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What to Expect From This Week's Penumbral Lunar Eclipse

The Moon is headed for a rendezvous with Earth's shadow.

By Cassidy Ward
Lunar Eclipse

Throughout history, humanity has harbored an endless fascination with the Moon. Its impact on our planet, through both its gravitational influence and nocturnally reflected light, has shaped both the landscape and the animals who inhabit it. And every once in a while, it is briefly eclipsed by the Earth and plunged into deep shadow.

It’s no wonder the Moon has inspired tales of hope and horror in equal measure. In the 1997 horror comedy, An American Werewolf in Paris (streaming now on Peacock!) one tourist learns the power of the Moon all too well. When Andy McDermott (Tom Everett Scott) rescues Serafine Pigot (Julie Delpy), he is inadvertently infected, doomed to become a howling, murderous creature at each full Moon. That is, unless he goes on a blood soaked mission to kill and eat the heart of the werewolf who turned him.

RELATED: The Moon’s shadow shapeshifts during rare hybrid solar eclipse

If you’re out stargazing the weekend of May 5, you might have a chance to catch the Aquariids meteor shower, which is estimated to peak early on May 6. The meteor shower coincides with this year’s Flower Moon, the name given to the first full Moon of May, when flowers bloom. And in some parts of the world, the Earth will temporarily eclipse the Flower Moon. Because lunar eclipses, like werewolves, only happen during the Full Moon.

Flower Moon phases

The May 5, 2023 eclipse is what’s known as a Penumbral Eclipse, during which the Moon will only pass through the outer part of Earth’s shadow, known as the penumbra. This lunar eclipse follows hot on the heels of a hybrid solar eclipse which occurred on April 20, 2023. That’s to be expected. Because of the way orbits work, you can always count on solar and lunar eclipses happening within two weeks of one another.

In order to get the dramatic Blood Moons we see during a total lunar eclipse, the Moon has to pass within the Earth’s umbra, the darkest part of its shadow. This time around, the Moon will drift into the penumbra, but will miss the umbra by about 100 miles (160 kilometers). At the Moon’s present distance, the Earth’s umbra stretches 6,000 miles across the sky. Missing it by only 100 miles is roughly the same as missing a 250-yard field goal by four inches.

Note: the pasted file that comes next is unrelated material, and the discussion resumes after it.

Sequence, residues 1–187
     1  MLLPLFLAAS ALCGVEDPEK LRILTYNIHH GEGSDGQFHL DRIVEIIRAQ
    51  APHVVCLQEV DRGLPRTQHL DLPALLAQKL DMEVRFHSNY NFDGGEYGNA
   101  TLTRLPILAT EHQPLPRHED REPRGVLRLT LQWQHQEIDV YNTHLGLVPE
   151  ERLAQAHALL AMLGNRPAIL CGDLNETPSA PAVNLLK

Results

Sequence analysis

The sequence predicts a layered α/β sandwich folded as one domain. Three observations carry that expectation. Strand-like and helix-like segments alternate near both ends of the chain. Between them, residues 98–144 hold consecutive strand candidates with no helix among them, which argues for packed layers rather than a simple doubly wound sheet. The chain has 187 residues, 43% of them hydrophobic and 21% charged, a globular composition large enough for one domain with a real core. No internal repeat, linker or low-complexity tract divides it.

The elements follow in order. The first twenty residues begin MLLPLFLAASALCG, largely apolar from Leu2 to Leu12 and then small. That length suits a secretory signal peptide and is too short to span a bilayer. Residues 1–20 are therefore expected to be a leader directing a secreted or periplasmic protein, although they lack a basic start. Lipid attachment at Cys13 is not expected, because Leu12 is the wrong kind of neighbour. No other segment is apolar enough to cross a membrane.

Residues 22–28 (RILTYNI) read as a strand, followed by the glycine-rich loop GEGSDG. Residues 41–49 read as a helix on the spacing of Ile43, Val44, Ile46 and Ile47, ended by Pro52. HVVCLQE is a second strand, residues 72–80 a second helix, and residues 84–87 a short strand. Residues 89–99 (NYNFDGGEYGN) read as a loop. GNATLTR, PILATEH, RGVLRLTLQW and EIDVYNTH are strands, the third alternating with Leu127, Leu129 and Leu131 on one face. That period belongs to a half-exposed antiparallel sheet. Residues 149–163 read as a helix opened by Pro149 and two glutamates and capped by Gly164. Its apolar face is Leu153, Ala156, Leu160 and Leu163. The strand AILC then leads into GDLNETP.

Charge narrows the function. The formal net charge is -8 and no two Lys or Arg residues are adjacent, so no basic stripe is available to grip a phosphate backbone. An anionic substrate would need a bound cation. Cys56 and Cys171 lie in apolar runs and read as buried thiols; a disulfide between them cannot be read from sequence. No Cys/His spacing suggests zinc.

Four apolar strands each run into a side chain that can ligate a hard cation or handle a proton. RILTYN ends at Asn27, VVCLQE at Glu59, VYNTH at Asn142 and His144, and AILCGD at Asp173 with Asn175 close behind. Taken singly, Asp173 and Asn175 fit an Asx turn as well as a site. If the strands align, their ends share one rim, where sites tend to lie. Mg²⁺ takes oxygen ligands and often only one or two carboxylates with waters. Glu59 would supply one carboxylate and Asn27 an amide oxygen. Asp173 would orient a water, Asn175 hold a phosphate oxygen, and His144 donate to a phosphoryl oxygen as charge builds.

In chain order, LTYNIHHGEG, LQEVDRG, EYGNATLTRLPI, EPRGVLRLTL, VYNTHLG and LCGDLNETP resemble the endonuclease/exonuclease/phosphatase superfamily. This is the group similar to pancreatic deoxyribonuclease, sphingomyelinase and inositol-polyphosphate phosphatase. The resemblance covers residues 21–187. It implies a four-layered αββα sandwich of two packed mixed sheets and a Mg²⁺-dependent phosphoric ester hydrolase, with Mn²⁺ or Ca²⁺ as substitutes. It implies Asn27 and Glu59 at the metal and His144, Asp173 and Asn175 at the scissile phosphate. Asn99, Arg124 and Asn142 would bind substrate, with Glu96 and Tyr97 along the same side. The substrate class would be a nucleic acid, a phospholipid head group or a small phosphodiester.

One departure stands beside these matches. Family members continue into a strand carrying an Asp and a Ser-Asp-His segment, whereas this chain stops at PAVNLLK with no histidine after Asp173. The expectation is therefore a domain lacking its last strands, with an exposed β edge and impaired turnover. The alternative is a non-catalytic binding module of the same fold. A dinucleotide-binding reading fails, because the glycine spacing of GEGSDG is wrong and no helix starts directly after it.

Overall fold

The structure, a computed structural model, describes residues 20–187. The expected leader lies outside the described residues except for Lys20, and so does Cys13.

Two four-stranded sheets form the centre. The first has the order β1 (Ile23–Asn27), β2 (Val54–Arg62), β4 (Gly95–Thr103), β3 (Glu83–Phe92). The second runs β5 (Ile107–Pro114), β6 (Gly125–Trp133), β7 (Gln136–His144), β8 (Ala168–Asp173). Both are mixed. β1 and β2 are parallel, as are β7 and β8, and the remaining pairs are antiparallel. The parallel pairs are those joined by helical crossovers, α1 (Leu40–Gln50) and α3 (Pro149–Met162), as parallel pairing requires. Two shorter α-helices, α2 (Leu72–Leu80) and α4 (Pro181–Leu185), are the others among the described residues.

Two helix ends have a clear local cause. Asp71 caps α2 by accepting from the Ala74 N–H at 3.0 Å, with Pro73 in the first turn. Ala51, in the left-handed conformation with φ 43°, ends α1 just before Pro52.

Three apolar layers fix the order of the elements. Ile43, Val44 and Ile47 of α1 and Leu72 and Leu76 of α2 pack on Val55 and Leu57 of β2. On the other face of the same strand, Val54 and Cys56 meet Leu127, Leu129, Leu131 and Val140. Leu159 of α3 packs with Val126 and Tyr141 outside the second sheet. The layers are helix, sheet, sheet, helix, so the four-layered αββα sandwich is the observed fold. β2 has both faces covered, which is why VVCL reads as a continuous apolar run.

RELATED: Doomed Lunar Lander Captured a View of Earth That’s to Die For

The eclipse will begin as the Moon passes over the western half of Australia, will reach maximum over the Indian Ocean, and will end as it approaches the east coast of Madagascar, 4 hours and 18 minutes after it begins. It will be visible from a much larger area, spanning from New Zealand and parts of Russia to parts of Africa and Europe. It won’t be visible from North or South America, because it will be day and the Moon will be on the other side of the planet.

For the folks able to witness the eclipse, it will be faint. So faint, that if you didn’t know it was happening, you could miss it altogether. The beginning and end of the eclipse won’t be distinguishable to the naked eye. The penumbra is just too faint at the edges. During totality, however, there will be a noticeable dimming of the Moon’s reflected light, as one edge of the Moon inches to within 100 miles of the Earth’s umbra.

Your next chance at an eclipse will come on October 14, when an annular solar eclipse will trace a path across parts of North and South America, followed two weeks later by a partial lunar eclipse. When you’re out Moongazing, keep a steady eye out for werewolves. They can sneak up on you while you’re looking up.

Catch An American Werewolf in Paris, streaming now on Peacock!